Al Jazeera America’s Ned Resnikoff reports on the tension between the EU institution of posted workers–workers sent from one, low-wage, country to work in a high-wage country at the wages of the native countries–and the Nordic welfare state.
“The question is under what circumstances the services offered by a Latvian, Polish or German firm should be sold in Denmark and Sweden,” Jacob Kirkegaard, a senior fellow at the Peterson Institute for International Economics, told Al Jazeera. “There’s an ongoing struggle over whether they should be able to offer those services paying Polish or Latvian wages.”
The struggle concerns a particular category of workers, defined as “posted workers” under EU law. A posted worker is “sent by his employer on a temporary basis to carry out his work in another Member State” according to a fact sheet on the European Commission website.
Under the Posting of Workers Directive, approved by the European Parliament in 1996, workers who are posted to a particular member state get to enjoy that state’s labor protections. A Polish worker posted to Denmark must be paid Denmark’s minimum wage or more.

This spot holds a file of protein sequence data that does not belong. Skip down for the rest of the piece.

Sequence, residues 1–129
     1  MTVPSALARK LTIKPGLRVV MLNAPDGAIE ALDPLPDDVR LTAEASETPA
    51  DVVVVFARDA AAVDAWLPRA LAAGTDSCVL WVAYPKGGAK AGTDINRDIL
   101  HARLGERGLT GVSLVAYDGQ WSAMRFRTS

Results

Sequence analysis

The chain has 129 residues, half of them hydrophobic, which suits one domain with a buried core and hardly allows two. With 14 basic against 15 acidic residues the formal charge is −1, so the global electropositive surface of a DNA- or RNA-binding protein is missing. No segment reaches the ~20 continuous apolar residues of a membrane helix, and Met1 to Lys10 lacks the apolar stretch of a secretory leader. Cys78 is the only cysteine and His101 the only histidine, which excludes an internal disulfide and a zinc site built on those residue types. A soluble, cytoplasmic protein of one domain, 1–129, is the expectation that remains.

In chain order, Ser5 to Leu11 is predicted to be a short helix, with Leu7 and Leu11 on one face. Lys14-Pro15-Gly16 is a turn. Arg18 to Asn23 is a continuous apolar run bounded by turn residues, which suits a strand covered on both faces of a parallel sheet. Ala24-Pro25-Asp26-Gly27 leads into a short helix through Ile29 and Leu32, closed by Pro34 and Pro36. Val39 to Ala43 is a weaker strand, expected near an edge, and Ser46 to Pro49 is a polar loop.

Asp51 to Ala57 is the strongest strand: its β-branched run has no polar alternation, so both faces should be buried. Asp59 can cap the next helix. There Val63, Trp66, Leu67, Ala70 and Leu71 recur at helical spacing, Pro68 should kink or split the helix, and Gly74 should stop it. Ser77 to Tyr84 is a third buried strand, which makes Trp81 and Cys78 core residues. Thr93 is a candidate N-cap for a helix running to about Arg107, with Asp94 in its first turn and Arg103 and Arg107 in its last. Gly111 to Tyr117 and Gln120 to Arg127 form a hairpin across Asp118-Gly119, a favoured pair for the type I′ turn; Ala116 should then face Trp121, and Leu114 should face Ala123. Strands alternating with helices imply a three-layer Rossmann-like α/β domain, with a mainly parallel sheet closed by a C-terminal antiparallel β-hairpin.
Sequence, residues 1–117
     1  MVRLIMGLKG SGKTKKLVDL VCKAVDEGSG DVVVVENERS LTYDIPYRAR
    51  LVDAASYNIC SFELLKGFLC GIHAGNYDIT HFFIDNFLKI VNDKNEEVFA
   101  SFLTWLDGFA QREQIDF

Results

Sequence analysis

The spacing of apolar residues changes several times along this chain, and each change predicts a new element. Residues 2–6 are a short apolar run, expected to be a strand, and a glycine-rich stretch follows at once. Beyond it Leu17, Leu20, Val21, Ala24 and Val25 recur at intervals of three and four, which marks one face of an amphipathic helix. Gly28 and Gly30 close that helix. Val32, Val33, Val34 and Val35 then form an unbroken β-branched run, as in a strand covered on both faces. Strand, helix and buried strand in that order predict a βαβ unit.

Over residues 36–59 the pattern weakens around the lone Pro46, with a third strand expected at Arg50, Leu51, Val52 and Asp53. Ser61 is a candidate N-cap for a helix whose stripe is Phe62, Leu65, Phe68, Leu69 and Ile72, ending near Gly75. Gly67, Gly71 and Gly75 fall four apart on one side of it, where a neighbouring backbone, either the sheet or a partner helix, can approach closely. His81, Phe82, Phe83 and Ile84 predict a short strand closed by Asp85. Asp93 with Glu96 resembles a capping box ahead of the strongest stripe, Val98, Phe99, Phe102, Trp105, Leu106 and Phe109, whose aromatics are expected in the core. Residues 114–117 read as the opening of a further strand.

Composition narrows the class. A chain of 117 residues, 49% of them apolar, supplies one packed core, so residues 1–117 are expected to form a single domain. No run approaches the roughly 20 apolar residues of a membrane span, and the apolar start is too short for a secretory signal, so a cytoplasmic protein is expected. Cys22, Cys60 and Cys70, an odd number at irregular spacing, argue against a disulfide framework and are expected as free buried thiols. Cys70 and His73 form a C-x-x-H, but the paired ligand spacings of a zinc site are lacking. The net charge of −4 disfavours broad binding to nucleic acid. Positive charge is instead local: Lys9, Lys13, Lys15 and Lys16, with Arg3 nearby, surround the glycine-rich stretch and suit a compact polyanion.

The problem is that Denmark doesn’t have a minimum wage, at least not legally speaking — nor does Sweden. (Norway, the third of three Scandinavian countries also does not have a legal minimum wage but it is not a member of the European Union.)
Instead of legislating their minimum wages, the Scandinavian countries have their unions bargain for them. Sweden and Denmark may not have minimum wage laws, but they do have effective wage minimums, defined by the collective bargaining agreements their unions negotiate.